Previous studies on transfer programs have shown that demographic factors, clinical disease factors, and ED length of stay influenced the length of hospital stay and mortality.14-17,19 However, it remained unclear how these factors are related to patient preference to transfer or whether patient transfer would result in different outcomes in terms of mortality and total hospital length of stay. A previous transfer study showed that 18% patients who were transferred to the regional hospitals suffered complications(eg, hospital-acquired pneumonia).20 In contrast, one systematic review analyzing patient transfers from EDs in various hospitals found that there was no difference in mortality among transferred and non-transferred patients from medical, surgical, or EDs.14 Whether or not patients who undergo interhospital transfer would receive equal quality of care remains a controversial issue.

Therefore, we hypothesized that transferring patients would not cause differences in the total length of stay or mortality rate compared with patients who were not transferred. The aim of this study was to explore the transfer rate, delineate the factors related to patient transfer, and clarify the influence upon outcomes (ie, total hospital length of stay and mortality rate).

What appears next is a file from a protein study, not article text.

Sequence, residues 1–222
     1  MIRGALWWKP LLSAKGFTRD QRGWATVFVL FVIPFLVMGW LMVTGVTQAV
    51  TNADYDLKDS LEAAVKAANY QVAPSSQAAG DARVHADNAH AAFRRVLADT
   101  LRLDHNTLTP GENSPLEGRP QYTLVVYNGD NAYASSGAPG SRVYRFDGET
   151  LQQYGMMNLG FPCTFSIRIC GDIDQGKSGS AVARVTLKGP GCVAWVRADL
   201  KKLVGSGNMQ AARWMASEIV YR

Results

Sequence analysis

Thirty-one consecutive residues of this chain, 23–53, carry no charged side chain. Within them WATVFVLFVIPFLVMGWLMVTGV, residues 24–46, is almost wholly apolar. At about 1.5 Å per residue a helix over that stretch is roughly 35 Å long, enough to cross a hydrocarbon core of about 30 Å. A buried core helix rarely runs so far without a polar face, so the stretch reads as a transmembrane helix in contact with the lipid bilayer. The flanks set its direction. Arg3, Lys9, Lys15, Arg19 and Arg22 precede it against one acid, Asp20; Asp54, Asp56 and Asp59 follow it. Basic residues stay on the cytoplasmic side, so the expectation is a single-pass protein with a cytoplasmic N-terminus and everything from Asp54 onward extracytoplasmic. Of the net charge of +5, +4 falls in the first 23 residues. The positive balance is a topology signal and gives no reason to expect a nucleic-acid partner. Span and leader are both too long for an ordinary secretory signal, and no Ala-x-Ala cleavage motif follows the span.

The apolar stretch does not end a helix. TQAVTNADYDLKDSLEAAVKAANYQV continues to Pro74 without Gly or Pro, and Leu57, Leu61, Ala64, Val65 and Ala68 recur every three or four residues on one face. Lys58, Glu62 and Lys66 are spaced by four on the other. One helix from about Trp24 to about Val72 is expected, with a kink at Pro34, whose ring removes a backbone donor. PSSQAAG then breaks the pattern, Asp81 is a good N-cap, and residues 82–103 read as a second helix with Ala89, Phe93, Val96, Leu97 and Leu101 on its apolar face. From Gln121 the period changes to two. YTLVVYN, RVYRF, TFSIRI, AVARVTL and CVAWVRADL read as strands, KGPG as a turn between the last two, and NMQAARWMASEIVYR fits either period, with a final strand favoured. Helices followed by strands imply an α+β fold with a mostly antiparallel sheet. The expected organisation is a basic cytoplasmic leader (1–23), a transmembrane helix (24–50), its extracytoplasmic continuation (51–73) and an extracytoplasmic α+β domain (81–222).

Materials and Methods


Study Design and Data Collection

We conducted a retrospective cohort study, utilizing data from the emergency patient electronic referral system, Mars, electronic medical records (EMRs) from one medical center in Taipei, and hard copies of referral sheets from receiving regional hospitals. Mars, an emergency referral platform, contains information about patient basic data, major diagnoses, time of transfer leaving and arriving, and vital signs in Taiwan. The EMR provided patient demographic information and the Taiwan triage and acuity scale (TTAS), which evaluated a patient’s symptoms and severity, initial vital signs on triage, physical examination, and laboratory data in the ED. We manually extracted data from both electronic databases and performed quality assurance and control. In addition, we excluded patients who did not have information on discharge disposition, outcome, or referral sheets from regional hospitals.